It sometinres happens, that a bro- Sieur Charron, 1601.-One, and ther falls by the hand of a brother, a that indeed the usual and ancient kinsman upon his nearest kindred, a cause of war, is the insatiable thirst friend upon his friend, who, while of riches and dominion ; that abyss each is actuated by this fit of insanity, of avarice and ambition, which meaplunges the sword into the heart of sures the greatness of a prince's glory one by whom he was never offended, by the extent of his territories, and not even by word of his mouth! So enlargement of his conquests. The deep is the tragedy, that the bosom raging desire of gain, and the rash shudders even at the feeble descrip- heat of anger, are the disturbers of tion of it, and the hand of humanity peace, and the violators of leagues drops the pencil while it paints the and treaties.-On Wisdom.

Jeremy Taylor, 1642. — As conIn the mean time, I pass over the trary as cruelty is to mercy, tyranny corn fields trodden 'down, peaceful to charity, so is war and bloodshed to cottages and rural mansions burnt to the meekness and gentleness of the the ground, villages and towns re- Christian religion. I had often thought duced to ashes, the cattle driven from of the prophecy, that in the gospel, their pasture, innocent women vio- our swords shall be turned into ploughlated, old men dragged into captivity, shares, and our spears into pruningchurches defaced and demolished, hooks. I knew that no tittle spoken every thing laid waste, a prey to by God's Spirit could return unperrobbery, plunder, and violence. formed and ineffectual; and I was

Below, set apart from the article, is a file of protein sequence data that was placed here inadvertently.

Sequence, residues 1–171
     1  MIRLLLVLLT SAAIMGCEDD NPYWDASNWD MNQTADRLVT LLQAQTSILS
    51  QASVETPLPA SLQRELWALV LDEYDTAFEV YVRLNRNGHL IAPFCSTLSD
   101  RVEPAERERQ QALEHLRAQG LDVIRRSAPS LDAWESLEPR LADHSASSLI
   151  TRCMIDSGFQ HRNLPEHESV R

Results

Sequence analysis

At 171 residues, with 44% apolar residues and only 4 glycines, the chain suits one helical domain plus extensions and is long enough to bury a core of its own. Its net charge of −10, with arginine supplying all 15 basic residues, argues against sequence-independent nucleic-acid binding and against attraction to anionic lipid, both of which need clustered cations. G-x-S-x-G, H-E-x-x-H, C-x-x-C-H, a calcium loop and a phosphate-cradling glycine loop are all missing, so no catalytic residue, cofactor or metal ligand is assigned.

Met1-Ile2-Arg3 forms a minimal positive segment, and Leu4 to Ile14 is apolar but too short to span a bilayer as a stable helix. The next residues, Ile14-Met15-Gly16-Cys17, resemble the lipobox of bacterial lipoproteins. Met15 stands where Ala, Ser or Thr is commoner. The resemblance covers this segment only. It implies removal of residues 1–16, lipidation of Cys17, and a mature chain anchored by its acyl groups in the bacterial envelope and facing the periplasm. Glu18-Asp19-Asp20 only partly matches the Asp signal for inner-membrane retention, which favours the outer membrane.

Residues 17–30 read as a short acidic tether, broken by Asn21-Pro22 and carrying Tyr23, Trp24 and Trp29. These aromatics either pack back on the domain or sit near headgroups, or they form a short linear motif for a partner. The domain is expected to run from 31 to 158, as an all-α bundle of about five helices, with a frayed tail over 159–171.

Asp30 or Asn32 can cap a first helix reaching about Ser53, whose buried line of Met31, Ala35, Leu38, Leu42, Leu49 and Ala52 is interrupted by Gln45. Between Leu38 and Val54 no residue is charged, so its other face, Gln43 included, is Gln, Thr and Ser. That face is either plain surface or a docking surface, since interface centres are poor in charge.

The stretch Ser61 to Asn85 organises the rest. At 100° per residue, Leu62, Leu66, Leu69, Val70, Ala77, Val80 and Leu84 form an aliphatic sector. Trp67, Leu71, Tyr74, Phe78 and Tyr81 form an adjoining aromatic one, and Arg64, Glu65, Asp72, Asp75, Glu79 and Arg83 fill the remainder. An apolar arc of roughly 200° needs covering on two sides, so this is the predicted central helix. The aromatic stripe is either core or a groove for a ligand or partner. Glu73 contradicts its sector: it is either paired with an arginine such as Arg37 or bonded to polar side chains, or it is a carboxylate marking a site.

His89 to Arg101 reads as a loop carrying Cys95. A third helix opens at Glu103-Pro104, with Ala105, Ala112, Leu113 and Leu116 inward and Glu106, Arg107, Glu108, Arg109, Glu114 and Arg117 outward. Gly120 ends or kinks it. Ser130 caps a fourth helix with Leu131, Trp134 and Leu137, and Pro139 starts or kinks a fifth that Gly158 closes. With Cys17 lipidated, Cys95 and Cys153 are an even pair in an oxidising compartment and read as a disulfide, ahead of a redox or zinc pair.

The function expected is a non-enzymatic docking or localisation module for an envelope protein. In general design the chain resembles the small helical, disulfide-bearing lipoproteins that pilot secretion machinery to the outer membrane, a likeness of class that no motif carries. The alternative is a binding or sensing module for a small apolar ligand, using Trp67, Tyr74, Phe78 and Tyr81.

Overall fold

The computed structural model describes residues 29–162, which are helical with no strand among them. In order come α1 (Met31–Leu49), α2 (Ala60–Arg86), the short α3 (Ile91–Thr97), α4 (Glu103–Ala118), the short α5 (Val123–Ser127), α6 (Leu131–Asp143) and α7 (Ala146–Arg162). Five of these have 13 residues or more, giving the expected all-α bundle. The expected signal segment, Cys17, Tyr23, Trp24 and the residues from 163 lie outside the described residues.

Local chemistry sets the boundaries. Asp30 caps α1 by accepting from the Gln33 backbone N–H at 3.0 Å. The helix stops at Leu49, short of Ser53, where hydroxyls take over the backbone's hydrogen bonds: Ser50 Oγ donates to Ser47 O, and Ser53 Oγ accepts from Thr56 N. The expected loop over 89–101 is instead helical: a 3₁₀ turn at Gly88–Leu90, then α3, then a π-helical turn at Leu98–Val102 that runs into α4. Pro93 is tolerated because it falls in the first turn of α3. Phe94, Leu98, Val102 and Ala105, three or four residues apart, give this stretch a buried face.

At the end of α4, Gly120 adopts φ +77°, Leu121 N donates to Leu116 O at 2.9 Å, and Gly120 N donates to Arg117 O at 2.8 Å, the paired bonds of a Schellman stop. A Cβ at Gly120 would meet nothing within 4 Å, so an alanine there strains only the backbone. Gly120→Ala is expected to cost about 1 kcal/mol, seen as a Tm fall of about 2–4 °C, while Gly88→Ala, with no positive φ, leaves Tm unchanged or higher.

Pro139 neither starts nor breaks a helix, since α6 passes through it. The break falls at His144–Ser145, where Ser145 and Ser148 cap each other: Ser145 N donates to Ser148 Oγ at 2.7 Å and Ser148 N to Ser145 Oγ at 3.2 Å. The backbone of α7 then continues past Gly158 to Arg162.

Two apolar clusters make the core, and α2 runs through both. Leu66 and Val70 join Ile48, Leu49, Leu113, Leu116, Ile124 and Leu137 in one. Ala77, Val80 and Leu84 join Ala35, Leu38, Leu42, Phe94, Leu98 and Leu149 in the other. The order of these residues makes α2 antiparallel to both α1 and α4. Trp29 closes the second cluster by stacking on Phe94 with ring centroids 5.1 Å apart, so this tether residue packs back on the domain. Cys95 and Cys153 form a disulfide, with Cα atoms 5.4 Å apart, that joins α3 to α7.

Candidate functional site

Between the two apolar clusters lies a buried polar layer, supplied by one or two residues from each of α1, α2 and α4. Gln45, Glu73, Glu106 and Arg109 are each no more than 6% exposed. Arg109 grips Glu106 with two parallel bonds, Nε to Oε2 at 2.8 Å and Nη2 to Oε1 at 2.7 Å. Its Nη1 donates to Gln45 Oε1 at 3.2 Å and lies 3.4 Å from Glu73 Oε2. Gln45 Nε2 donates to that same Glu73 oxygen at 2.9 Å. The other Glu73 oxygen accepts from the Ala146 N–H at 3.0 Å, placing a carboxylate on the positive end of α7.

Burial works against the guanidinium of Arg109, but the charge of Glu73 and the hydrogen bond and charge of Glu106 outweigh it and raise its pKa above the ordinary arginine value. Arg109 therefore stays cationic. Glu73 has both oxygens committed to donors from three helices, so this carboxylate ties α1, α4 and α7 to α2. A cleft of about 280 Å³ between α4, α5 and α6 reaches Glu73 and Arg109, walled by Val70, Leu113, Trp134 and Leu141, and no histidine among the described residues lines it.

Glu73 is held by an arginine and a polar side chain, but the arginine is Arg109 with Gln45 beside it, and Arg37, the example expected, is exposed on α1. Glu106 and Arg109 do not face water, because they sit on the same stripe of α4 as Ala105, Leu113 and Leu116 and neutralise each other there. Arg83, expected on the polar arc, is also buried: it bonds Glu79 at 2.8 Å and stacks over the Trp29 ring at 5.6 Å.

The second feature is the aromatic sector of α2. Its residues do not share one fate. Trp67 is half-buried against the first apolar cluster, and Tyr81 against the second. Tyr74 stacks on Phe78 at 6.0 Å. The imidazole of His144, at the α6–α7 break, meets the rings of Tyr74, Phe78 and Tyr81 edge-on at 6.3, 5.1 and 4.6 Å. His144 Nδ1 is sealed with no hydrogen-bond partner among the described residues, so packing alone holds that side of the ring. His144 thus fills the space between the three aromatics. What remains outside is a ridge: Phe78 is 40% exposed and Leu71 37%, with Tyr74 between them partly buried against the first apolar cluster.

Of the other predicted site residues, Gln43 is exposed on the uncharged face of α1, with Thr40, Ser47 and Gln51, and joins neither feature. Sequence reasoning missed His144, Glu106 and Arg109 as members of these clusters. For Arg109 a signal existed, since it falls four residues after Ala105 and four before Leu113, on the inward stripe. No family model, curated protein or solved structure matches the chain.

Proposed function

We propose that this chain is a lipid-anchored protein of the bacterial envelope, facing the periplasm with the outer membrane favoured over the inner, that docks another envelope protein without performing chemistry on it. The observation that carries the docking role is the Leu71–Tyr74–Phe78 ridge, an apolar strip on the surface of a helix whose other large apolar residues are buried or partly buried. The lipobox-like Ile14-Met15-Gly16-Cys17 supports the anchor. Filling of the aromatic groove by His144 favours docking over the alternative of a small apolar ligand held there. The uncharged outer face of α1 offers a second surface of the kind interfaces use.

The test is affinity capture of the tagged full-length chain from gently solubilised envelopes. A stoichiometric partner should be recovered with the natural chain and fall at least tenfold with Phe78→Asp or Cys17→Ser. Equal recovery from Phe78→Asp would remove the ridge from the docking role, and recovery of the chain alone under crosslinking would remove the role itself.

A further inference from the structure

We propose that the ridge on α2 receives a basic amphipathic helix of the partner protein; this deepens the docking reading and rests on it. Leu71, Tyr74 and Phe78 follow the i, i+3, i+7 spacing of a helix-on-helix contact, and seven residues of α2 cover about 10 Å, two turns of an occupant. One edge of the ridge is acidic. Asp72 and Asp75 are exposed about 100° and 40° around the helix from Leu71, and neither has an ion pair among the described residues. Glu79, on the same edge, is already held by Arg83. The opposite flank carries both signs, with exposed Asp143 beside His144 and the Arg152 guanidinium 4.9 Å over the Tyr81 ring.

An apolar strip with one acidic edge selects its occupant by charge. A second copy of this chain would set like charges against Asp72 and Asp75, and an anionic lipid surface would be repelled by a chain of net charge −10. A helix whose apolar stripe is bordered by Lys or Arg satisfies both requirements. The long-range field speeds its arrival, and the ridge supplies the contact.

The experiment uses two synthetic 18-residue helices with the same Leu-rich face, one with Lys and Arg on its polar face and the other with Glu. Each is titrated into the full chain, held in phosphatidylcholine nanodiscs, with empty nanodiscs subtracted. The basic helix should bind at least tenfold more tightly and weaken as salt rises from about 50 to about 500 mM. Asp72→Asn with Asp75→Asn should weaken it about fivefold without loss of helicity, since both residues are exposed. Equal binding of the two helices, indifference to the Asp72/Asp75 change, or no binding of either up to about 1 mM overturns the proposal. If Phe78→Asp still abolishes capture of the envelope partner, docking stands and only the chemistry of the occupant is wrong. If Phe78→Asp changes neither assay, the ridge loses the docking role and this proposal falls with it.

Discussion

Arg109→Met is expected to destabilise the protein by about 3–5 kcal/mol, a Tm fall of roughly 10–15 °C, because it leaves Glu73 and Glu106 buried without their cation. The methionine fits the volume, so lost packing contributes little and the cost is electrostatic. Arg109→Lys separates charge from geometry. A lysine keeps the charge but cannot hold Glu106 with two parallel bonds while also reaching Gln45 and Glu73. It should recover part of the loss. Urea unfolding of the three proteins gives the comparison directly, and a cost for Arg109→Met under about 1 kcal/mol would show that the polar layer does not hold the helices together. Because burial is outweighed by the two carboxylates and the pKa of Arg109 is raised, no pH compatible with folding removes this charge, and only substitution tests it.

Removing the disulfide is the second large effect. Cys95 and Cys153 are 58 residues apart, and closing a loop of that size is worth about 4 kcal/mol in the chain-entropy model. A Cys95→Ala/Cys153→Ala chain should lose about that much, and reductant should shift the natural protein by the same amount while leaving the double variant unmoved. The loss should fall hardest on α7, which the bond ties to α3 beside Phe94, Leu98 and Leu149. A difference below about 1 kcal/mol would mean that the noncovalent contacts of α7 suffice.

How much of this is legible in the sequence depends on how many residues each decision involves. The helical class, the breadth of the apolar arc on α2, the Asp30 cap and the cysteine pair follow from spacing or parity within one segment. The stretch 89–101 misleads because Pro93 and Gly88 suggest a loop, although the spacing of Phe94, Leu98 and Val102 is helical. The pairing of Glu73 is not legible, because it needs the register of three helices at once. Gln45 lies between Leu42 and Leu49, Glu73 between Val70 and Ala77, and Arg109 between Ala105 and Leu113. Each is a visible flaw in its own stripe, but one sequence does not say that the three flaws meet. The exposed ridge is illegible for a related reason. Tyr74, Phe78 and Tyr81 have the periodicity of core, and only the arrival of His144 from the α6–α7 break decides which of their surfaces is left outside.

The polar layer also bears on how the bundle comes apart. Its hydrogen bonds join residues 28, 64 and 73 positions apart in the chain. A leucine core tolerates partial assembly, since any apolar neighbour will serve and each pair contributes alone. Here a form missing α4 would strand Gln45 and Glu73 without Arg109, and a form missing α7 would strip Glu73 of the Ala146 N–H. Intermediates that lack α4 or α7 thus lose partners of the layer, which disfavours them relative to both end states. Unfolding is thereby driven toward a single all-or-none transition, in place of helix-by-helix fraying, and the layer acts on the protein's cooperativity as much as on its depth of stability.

Not to mention the consequences certain, that such was the excellency which ensue to the people after a of Christ's doctrine, if men would war, even the most fortunate in its obey it, Christians should never war event, and the justest in its princi- one against another. ple; the poor, the unoffending com- Grotius, 1645.-If, by the Jewish mon people, robbed of their. little. law, an involuntary murderer was hard-earned property ; 'the great, la- obliged to flee to a place of refugeden with taxes; old people bereaved if God prohibited David from buildof their children-more cruelly killed ing a temple to him, because his hands by the murder of their offspring, than were defiled with blood, though his by the sword-- happier if the enemy wars might be called religious conhad deprived them of the sense of tests-if, among the ancient Greeks, their misfortune, and of life itself at persons who had defiled themselves the same moment; women far ad- with slaughter, without any fault of vanced in age, left destitute, and more theirs, required expiation-who does eruelly put to death, than if they had not see, especially a Christian man, died at once by the point of the how wretched and ill-fated a thing bayonet; widowed mothers, orphan war is, and how earnestly even a just children, houses of mourning, and war should be avoided. Among the families that once knew better days, Greeks professing Christianity, the reduced to extreme penury.

rule has been long observed, thạt : Why need I dwell on the evils those who had slain an enemy in

war, which morals sustain by war, when were for a time debarred from all every one knows, that from war pro- sacred rites. ceeds at once every kind of evil which Dr. Hammond, 1660. If it be disturbs and destroys the happiness true which Psellus saith, that the of human life?

devils feast on the

vapour [See much more on the same sub- haled from the blood of men, surely ject, in a work entitled, “ Anti-Pole- the Christian devils, and of late the mus,” translated by Dr. V. Knox, English, are the fattest of the whole and published about the year 1794.] herd, the richliest treated of any, since

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VOL. III.